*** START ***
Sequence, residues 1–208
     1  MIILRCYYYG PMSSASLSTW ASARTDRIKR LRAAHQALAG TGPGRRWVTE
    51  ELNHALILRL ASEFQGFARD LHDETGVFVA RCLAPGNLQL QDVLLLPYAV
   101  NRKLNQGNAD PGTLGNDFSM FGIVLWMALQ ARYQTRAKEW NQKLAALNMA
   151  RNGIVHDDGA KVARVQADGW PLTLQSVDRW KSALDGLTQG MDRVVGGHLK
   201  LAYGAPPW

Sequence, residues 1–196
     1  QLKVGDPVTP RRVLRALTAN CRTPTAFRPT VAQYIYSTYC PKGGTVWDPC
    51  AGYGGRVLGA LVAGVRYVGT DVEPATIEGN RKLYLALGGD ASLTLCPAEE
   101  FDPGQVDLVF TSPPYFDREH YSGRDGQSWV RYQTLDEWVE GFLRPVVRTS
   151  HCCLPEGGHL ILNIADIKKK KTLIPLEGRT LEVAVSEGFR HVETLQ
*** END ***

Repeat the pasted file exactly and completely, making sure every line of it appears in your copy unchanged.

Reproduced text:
Sequence, residues 1–208
     1  MIILRCYYYG PMSSASLSTW ASARTDRIKR LRAAHQALAG TGPGRRWVTE
    51  ELNHALILRL ASEFQGFARD LHDETGVFVA RCLAPGNLQL QDVLLLPYAV
   101  NRKLNQGNAD PGTLGNDFSM FGIVLWMALQ ARYQTRAKEW NQKLAALNMA
   151  RNGIVHDDGA KVARVQADGW PLTLQSVDRW KSALDGLTQG MDRVVGGHLK
   201  LAYGAPPW

Sequence, residues 1–196
     1  QLKVGDPVTP RRVLRALTAN CRTPTAFRPT VAQYIYSTYC PKGGTVWDPC
    51  AGYGGRVLGA LVAGVRYVGT DVEPATIEGN RKLYLALGGD ASLTLCPAEE
   101  FDPGQVDLVF TSPPYFDREH YSGRDGQSWV RYQTLDEWVE GFLRPVVRTS
   151  HCCLPEGGHL ILNIADIKKK KTLIPLEGRT LEVAVSEGFR HVETLQ